Welcome to the Employment Law section of our webpage. Employment law issues are complex, often subject to state and local law (not ordinarily covered on CLIC pages) as well as federal law. This front page will reflect our most current information on employment law affecting educational institutions.
Defining and Delimiting the Exemptions for Executive, Administrative, Professional, Outside Sales and Computer Employees; Proposed Rule, 80 Fed. Reg. 38515, July 6, 2015.
Currently, employees who are paid over $455 per week ($24,660 per year) and who perform executive, administrative, professional, or computer professional type work are not required to receive overtime pay. The Department proposes to set the standard salary level equal to the 40th percentile of earnings for full-time salaried workers -$921 per week, or $47,892 annually for a full-year worker.
Certain highly compensated employees are exempt from the overtime pay requirement if they are paid total annual compensation of at least $100,000 (which must include at least $455 per week paid on a salary or fee basis) and if they customarily and regularly perform at least one of the exempt duties or responsibilities of an executive, administrative, or professional employee identified in the standard tests for exemption.The Department is also proposing to set the highly compensated employee annual compensation level equal to the 90th percentile of earnings for full-time salaried workers ($122,148 annually versus the current $100,000 per year).
Along with physicians, lawyers and professors, exempt employees also includes those engaged in academic administrative functions if they meet the salary level (now at least $455 weekly) and the salary basis test (predetermined fixed salary).The primary duty must be administrative functions directly related to academic instruction or training in an educational establishment, which must include exercising discretion and independent judgement with respect to matters of significance. "In general, the exercise of discretion and
independent judgment involves the comparison and the evaluation of possible courses of conduct, and acting or making a decision after the various possibilities have been considered.) (NACUA paper 2011)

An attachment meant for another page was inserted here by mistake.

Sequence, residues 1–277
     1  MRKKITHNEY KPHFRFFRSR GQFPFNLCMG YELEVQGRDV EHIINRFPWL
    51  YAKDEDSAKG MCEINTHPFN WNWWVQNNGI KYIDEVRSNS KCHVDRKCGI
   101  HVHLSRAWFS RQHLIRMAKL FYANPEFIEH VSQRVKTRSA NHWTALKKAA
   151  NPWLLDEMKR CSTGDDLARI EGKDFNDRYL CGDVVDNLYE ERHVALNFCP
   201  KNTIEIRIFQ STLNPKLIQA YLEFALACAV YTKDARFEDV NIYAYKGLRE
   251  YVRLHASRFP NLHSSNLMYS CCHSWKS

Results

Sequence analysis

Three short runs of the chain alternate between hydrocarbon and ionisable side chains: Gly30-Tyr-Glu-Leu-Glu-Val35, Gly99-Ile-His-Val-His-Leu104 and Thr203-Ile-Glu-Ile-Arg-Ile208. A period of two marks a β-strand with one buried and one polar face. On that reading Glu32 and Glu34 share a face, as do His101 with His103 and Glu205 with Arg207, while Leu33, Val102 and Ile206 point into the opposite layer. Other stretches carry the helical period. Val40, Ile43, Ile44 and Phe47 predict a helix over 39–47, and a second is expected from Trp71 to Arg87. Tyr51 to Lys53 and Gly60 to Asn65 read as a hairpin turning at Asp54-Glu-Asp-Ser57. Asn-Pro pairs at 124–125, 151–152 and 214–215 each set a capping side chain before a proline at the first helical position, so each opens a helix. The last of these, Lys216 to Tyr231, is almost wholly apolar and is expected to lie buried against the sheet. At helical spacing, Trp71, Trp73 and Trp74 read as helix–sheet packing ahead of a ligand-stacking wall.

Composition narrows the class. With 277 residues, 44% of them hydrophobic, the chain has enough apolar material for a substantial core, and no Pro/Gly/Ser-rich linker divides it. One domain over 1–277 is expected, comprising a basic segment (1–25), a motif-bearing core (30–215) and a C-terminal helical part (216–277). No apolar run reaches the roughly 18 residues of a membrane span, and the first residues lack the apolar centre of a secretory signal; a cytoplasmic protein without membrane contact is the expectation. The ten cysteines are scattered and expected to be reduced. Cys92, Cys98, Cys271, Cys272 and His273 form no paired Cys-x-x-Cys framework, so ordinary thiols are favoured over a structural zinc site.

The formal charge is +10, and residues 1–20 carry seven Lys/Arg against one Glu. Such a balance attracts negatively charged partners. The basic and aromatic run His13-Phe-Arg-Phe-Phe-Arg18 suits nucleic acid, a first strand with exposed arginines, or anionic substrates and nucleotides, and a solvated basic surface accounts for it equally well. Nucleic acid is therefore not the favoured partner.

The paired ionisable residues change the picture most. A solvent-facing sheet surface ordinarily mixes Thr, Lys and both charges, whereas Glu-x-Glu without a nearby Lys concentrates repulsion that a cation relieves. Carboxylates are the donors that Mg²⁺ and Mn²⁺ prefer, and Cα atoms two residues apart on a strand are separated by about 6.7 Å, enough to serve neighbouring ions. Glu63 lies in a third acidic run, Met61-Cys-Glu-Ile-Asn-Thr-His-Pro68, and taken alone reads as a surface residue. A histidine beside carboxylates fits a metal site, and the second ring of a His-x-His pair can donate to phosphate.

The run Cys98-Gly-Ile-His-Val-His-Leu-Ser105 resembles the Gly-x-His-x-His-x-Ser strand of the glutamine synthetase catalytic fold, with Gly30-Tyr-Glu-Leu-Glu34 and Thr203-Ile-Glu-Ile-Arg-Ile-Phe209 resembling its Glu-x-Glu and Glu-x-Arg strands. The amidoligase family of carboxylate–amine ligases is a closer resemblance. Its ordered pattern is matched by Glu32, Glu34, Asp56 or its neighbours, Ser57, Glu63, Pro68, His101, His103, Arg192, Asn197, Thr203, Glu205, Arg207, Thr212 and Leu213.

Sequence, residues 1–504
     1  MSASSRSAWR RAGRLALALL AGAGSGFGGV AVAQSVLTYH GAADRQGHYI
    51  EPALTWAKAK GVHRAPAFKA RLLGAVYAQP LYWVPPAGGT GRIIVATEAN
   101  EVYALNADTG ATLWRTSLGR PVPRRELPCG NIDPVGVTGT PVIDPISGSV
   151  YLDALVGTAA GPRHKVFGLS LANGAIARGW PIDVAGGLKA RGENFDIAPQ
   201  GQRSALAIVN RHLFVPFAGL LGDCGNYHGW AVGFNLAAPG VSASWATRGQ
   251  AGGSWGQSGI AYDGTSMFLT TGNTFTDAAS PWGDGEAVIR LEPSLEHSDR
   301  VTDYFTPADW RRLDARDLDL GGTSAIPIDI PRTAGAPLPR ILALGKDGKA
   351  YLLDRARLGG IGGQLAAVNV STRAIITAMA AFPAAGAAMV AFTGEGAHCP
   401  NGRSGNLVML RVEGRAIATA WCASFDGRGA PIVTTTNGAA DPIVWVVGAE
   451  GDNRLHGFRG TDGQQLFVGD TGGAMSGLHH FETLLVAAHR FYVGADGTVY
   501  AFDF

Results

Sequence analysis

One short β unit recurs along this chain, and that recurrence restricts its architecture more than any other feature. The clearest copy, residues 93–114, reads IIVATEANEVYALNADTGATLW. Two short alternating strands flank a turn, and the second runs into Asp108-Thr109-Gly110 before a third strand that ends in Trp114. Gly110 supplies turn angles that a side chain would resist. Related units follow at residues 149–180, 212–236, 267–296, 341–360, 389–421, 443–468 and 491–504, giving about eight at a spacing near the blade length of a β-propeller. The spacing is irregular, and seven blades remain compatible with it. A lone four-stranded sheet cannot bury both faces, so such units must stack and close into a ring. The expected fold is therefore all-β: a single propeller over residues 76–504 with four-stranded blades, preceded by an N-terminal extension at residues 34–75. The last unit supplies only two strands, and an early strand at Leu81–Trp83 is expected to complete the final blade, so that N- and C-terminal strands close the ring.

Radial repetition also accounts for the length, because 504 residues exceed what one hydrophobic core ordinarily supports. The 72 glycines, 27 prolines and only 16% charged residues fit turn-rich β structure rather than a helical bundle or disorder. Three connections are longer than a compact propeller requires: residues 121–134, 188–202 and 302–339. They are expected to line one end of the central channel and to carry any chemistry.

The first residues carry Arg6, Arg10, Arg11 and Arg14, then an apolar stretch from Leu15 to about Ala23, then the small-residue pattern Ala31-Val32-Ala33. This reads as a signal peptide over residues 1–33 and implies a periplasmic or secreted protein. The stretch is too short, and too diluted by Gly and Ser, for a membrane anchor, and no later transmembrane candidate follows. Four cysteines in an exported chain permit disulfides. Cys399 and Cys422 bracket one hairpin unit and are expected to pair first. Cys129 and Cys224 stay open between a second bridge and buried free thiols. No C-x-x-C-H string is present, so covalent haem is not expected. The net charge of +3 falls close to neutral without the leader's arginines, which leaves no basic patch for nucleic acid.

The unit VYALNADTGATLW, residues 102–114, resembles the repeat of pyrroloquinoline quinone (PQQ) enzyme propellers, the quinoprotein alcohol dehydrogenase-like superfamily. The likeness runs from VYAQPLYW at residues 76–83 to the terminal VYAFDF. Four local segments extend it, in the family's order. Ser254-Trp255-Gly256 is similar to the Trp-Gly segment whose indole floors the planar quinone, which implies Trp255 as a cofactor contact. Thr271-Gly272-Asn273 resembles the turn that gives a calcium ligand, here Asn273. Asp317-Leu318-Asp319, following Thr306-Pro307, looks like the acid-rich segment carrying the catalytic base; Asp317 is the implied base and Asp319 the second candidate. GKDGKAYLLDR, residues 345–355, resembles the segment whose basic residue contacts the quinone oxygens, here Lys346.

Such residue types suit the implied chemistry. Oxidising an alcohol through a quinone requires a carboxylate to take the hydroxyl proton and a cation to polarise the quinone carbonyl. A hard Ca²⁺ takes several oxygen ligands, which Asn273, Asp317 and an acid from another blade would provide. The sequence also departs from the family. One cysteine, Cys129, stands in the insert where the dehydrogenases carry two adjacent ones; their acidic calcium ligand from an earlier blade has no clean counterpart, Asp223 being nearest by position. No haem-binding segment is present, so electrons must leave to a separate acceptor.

An academic administrator would include department heads and academic counselors. Executive assistants may be exempt employees, if delegated genuine authority.
See 29 USC §541.204. Also exempt are educational administrators, meaning those who plan, direct, or coordinate research, instructional, student administration and services, and other educational activities at postsecondary institutions. Admissions counselor who exercise independent judgment in selecting students may also qualify.
Computer employees who write software code, design system architecture, or design databases are also exempt.
The proposed rule also proposes automatically adjusting the minimum salary requirements annually, either by using a fixed percentile of wages or the consumer price index. For more information see the Wage and Hour Division Fact Sheet.
CUPA HR Letter (dated September 4, 2015) submitted in comment on the July 6, 2015 proposed changes to the exemptions from overtime pay requirements for white collar employees.
FLSA Test on Independent Contractors: Administrator's Interpretation No. 2015-1, Issued July 15, 2015*
Possibly issued in connection with the rise of new business models, such as Uber, this is a DOL test for summarizes the position DOL's Wage and Hour division has taken in entering into agreements with states and the IRS on how to handle Employer misclassification. The heart of the DOL position is stated here, and focuses on more than control, which is the heart of the IRS /common law test. The end result is that a worker dependent for economic survival on the employer will be an employee, and a person in business for him or herself will be an independent contractor.
In order to make the determination whether a worker is an employee or an independent contractor under the FLSA, courts use the multi-factorial “economic realities” test, which focuses on whether the worker is economically dependent on the employer or in business for him or herself. A worker who is economically dependent on an employer is suffered or permitted to work by the employer. Thus, applying the economic realities test in view of the expansive definition of “employ” under the Act, most workers are employees under the FLSA. The application of the economic realities factors must be consistent with the broad “suffer or permit to work” standard of the FLSA.
Northwestern University and College Athletic Players Association (CAPA), Petitioner, Case 13-RC-121359 (August 17, 2015) (Decision by NLRB, upon review and order)
In March 2014, a Regional Director held the grant in aid scholarship football players at Northwestern were employees within Section 2(3) of the NLRA. Northwestern appealed, and the NLRB reversed, holding that the Board would decline jurisdiction as involvement in this case would not improve stability in labor relations. The NLRB noted Northwestern is a private school, while the rest of the Big Ten are public, and emphasized this was a unique case
See Glatt et al v. Fox Searchlight Pictures, et al. (C.A. 2nd Cir.) July 2, 2015. Interns who were unpaid and who were asked to perform a number of tasks unrelated to an educational purpose sued over the lack of pay. The court declined to grant deference to the DOL Fact Sheet 71, noting as follows:
We decline DOL’s invitation to defer to the test laid out in the Intern Fact Sheet. As DOL makes clear in its brief, its six part test is essentially a distillation of the facts discussed in Portland Terminal. DOL Br. at 11, 12, 21.
Unlike an agency’s interpretation of ambiguous statutory terms or its own regulations, “an agency has no special competence or role in interpreting a judicial decision."
State of N.Y. v. Shalala, 119 F.3d 175, 180 (2d Cir. 1997).